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Int J Nurs Stud. 2007 Sep;44(7):1196-209. Epub 2006 Jun 21.

Career choices in health care: is nursing a special case? A content analysis of survey data.

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Faculty of Health and Social Care, University of the West of England, Bristol, Glenside Campus, Blackberry Hill, Stapleton, Bristol BS16 1DD, UK.



As demand for nurses and other health professionals continues to outstrip supply it is important to understand what motivates individuals to join a non-medical health profession.


The objectives of this study were to investigate students' reasons for choosing a particular nursing specialism, midwifery or other non-medical health profession, and to compare motivation factors across professions, gender, age, level of award, prior qualifications, prior experience and over time.


A prospective follow-up study collected survey responses at the beginning and end of pre-qualifying professional programmes.


The study took place in one large United Kingdom faculty.


The study participants were 775 first-year students undertaking non-medical health professional programmes and 393 qualifying students.


An open-ended question was included in a self-completed questionnaire administered at entry and at qualification. Content analysis identified themes.


Altruism was the most frequently cited reason for wishing to join a non-medical health profession, followed by personal interest/abilities, professional values/rewards, and prior experience of the area. Students entering nursing were less likely to cite an altruistic motivation than those entering other non-medical health professions (chi(2)=21.61, df=1, p<0.001). On entry, adult nursing, children's nursing and radiotherapy students were least likely to cite professional values/rewards (chi(2)=20.38, df=8, p=0.009). Students on degree level programmes were more likely to report altruism than those on diploma level courses (chi(2)=17.37, df=1, p<0.001). Differences were also identified between the two data collection points. The number of students identifying altruism (chi(2)=3.97, p=0.046) and professional values/rewards (chi(2)=6.67, p=0.010) decreased over time.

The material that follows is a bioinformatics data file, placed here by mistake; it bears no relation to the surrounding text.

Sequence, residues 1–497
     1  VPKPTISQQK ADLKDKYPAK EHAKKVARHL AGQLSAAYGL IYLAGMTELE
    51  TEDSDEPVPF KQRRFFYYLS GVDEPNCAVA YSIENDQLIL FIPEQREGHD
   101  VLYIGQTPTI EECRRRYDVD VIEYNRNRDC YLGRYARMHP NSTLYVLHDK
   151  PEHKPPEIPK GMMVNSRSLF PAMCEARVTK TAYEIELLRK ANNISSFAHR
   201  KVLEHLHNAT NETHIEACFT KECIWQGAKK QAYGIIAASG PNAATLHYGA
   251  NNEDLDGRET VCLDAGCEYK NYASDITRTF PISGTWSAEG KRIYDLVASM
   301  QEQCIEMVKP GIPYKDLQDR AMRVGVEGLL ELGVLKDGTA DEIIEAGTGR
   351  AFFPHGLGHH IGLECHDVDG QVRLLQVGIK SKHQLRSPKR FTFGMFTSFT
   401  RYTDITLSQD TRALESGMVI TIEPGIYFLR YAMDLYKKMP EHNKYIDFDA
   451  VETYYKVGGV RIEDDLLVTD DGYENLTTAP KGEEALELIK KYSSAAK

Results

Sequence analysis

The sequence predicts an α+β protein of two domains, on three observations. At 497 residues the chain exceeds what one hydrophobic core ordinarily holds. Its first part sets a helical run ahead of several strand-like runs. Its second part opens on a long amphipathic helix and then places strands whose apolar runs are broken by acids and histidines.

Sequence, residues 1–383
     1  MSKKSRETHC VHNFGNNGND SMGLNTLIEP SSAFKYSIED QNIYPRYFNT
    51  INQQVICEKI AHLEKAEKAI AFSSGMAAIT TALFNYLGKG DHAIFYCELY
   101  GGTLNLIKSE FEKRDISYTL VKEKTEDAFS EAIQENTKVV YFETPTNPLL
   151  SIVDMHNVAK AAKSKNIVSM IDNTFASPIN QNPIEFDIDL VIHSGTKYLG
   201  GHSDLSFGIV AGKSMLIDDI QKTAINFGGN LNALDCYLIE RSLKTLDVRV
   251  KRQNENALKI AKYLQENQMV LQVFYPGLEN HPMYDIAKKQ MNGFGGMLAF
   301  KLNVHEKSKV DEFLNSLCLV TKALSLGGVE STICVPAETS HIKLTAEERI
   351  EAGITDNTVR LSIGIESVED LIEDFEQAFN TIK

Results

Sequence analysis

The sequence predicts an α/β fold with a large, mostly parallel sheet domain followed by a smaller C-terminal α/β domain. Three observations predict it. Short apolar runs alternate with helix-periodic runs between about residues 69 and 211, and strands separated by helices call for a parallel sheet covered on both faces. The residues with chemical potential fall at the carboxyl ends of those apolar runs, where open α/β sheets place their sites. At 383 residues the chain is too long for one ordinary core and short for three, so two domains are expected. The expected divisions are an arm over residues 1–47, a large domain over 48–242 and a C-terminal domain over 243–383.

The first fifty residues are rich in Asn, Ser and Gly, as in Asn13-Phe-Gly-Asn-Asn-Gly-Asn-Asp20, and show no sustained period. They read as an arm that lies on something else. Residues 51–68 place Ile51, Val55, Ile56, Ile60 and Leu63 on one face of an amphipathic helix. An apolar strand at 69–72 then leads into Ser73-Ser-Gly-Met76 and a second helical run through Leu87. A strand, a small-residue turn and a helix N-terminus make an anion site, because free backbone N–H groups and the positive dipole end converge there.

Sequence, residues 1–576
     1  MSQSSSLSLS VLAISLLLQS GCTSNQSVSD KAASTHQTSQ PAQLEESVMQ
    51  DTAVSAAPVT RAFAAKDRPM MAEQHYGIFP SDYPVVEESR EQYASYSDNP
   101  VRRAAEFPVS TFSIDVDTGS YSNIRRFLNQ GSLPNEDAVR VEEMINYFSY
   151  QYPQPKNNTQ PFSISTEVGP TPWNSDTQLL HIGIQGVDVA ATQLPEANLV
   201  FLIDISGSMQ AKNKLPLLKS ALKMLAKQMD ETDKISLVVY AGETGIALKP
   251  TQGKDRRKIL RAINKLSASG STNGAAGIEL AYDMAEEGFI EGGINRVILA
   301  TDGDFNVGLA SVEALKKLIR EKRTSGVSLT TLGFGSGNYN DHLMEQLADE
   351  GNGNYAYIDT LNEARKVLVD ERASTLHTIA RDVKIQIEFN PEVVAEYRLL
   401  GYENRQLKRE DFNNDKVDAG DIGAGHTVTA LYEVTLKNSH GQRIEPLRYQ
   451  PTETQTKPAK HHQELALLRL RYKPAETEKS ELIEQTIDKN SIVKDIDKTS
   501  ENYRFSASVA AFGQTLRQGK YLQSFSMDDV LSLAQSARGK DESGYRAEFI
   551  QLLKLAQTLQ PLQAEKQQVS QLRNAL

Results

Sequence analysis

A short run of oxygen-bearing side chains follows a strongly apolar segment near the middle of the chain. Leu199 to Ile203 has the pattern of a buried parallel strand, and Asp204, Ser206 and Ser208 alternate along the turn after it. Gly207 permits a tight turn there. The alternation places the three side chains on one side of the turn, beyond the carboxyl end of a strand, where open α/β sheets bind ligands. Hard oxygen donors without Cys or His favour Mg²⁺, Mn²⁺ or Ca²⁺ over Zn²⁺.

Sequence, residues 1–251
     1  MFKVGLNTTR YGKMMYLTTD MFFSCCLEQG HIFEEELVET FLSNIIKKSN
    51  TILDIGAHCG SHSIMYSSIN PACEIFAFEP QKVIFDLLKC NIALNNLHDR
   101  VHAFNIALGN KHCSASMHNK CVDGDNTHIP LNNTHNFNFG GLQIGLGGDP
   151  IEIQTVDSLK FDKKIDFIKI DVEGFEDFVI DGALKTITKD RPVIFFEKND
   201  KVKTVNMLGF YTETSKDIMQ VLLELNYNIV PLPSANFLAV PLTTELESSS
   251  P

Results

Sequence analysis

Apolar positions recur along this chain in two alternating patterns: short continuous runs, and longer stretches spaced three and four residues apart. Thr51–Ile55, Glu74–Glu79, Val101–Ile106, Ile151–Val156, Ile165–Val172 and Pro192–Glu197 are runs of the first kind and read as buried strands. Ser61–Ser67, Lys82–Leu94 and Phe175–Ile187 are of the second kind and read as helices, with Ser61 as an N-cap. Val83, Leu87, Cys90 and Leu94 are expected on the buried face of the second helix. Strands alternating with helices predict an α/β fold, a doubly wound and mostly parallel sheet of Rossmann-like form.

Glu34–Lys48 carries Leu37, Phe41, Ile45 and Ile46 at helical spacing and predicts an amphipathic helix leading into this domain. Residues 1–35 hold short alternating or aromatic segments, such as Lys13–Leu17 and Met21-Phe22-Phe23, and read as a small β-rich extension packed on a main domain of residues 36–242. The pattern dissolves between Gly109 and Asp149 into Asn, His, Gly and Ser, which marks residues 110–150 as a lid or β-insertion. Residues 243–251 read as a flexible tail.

Findings suggest that although a service orientation remains a key factor in choosing nursing, students also look for a career which matches their interests and attributes, as well as offering professional values and rewards. Nursing may be in danger of losing service orientated recruits to other non-medical health professions.

[Indexed for MEDLINE]

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